Gradle 3.1 RC1 is now available for testing


(Jendrik Johannes) #1

Gradle 3.1 RC1 is now available for testing

Multi-project builds are a powerful feature with one significant constraint: the projects have to be in the same directory hierarchy. This doesn’t help if you want to work on code across multiple repositories, for example if you’re trying to fix a bug in a third-party open-source library that one of your projects depends on.

Gradle 3.1 now supports this scenario with the introduction of Composite Builds for all users. It’s hard to understate just how important this feature is as it provides a whole new way of organizing your projects and builds. There is more work to be done in this area and the feature is currently incubating, but we encourage you to try it out and give us your feedback!

Incremental Build is a similar feature in terms of impact and this release improves the control you have over its up-to-date checks. You can read about the details in the release notes.

As with many previous Gradle releases, you will also benefit from some performance improvements, this time in the form of faster dependency resolution. From testing, Android users specifically could see up to a 50% reduction in configuration and Android Studio sync time.

Our Play Framework and Kotlin build script users will also be happy as 3.1 now has (limited) support for Play 2.5.x and the Kotlin build script support gets a more fully-featured syntax for declaring dependencies and faster code completion.

Finally, be sure to check out the potential breaking changes in case they affect you.

Check the 3.1 RC1 release notes for more information. If no regressions are reported, a final release will typically follow in the next week.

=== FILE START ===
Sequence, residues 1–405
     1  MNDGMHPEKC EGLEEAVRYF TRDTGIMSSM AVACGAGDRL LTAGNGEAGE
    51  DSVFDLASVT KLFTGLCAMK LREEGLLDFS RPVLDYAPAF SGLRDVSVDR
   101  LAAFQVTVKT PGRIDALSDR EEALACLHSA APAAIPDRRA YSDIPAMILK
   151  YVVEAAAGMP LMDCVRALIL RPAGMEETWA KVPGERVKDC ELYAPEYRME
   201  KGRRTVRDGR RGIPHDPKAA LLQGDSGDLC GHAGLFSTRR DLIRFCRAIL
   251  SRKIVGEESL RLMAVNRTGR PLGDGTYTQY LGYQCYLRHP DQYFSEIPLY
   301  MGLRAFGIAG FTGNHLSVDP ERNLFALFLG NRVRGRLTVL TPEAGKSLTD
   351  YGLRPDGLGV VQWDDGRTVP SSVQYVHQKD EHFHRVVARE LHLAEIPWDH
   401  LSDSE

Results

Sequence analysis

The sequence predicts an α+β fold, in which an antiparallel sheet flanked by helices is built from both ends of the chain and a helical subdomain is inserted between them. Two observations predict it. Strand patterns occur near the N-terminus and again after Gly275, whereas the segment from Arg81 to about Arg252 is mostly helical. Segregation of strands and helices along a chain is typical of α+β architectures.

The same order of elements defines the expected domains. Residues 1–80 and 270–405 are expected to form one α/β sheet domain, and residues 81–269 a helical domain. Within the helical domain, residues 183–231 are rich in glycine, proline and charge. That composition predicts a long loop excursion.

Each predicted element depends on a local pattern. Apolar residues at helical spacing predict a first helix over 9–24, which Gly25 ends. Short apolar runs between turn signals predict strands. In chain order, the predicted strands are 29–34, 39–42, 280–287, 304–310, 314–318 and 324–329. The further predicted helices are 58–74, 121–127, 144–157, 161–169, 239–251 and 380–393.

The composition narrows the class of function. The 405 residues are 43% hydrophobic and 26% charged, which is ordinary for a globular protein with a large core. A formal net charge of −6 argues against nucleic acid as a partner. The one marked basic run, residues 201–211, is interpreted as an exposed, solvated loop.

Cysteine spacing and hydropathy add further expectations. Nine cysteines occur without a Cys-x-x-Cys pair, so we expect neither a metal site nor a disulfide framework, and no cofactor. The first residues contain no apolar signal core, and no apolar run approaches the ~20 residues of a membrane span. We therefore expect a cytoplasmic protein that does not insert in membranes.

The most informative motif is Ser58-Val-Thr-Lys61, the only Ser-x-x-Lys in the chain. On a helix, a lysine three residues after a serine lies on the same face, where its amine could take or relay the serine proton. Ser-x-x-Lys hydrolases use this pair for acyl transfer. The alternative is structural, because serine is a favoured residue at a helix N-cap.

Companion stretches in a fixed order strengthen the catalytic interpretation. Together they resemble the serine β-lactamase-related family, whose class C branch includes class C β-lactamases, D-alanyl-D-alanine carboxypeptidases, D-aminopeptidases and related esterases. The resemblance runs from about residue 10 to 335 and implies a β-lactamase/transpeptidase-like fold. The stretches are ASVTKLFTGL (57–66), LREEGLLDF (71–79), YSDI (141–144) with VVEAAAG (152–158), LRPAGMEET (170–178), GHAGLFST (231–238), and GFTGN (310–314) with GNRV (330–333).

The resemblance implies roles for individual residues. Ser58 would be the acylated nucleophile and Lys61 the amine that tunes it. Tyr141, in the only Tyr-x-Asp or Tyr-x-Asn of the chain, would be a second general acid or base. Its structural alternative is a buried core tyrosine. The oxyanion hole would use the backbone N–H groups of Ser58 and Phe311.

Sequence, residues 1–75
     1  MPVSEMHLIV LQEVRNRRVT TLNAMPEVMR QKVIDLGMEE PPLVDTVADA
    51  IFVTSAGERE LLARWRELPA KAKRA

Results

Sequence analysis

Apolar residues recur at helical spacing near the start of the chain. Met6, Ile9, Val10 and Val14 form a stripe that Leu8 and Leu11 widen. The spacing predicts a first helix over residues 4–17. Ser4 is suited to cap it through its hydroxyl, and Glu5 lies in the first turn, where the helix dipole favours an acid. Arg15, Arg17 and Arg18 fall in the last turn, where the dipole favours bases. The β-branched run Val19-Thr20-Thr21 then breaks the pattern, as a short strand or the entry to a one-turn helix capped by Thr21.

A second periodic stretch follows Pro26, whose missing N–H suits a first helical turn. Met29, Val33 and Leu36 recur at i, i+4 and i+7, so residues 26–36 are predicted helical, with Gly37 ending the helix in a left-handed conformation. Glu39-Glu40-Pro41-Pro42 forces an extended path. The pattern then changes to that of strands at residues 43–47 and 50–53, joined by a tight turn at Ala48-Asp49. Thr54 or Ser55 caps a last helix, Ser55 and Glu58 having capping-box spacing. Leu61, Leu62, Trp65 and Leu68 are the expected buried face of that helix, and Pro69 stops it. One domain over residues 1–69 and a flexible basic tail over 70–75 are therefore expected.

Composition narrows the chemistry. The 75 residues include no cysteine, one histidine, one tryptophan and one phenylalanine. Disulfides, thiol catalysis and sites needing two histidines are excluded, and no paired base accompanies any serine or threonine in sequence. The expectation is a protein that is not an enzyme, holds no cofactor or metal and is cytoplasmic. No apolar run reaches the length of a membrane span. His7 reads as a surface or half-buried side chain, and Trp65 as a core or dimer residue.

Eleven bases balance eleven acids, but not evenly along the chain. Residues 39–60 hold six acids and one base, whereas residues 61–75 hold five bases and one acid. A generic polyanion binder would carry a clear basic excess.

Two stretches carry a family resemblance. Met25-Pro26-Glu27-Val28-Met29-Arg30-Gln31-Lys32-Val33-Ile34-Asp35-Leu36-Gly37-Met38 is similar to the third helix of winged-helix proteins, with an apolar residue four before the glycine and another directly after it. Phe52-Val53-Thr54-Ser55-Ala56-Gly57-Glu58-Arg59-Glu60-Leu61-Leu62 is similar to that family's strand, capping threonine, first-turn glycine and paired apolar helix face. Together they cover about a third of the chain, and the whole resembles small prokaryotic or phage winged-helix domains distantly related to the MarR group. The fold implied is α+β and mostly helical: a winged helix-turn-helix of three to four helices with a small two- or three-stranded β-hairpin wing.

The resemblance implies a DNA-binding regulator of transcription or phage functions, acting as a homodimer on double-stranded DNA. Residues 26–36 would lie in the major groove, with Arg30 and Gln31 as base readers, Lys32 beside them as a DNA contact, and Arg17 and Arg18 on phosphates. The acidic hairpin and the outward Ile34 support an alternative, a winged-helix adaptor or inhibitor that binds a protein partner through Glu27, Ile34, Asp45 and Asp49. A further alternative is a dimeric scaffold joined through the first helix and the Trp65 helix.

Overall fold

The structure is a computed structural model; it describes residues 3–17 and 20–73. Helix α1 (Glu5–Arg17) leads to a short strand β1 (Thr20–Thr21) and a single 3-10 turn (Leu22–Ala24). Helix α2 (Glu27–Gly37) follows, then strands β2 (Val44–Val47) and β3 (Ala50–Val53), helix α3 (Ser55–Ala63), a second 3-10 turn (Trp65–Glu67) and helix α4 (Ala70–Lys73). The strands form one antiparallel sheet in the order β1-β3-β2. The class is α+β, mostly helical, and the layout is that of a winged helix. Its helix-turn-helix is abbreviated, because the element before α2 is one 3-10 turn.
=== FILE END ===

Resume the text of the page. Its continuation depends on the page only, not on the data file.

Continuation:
Upgrade Instructions

Switch your build to use Gradle 3.1 RC1 quickly by updating your wrapper properties:

./gradlew wrapper --gradle-version=3.1-rc-1

Standalone downloads are available at https://gradle.org/release-candidate.

Reporting Problems

If you find a problem with Gradle 3.1 RC1, please post a reply to this topic or create a new topic in the Bugs category of the Gradle Forum. Be sure to include which operating system you are using, the version of Gradle you upgraded from and any steps you have found that reproduces your problem.


java.lang.NoClassDefFoundError for closure with Gradle version 3.0
(Jendrik Johannes) #2

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(Matt Khan) #3

exactly how has dependency resolution been improved? has the resolution been parallelized (GRADLE-2582) ?


(Jörn Huxhorn) #4

Everything fine with my usual projects.


(Jörn Huxhorn) #5

The issue below reared its head again. But it’s not a 3.1 regression, it never really went away. The stack trace for 3.1-rc-1 looks like this.

This time around it fails to find the class org.apache.maven.wagon.StreamWagon… it’s always the Maven Wagon dependency that is causing me problems like this. Unfortunately, this isn’t really reproducible and will probably be gone on our build server by tomorrow since we delete the Gradle cache in a Jenkins cron job.

The main problem is that it is happening rather randomly so people aren’t giving build failures on Jenkins the attention they deserve anymore since it could always be “one of those” failures.

Could you please open a JIRA issue for the classloader pollution problem mentioned by @sterling, or point me to one if it already exists.


(Benjamin Muschko) #6

@huxi Thanks again for letting us know about the re-occurrence of the issue. I created a JIRA issue and linked to it in your original post.

BTW: It would be great if we could get more information about the build when it is failing. Is there any chance your project can enable Build Scans via Gradle Cloud Services? A Build Scan would probably make it easier for us to see what’s going on under the covers.


(Jendrik Johannes) #7

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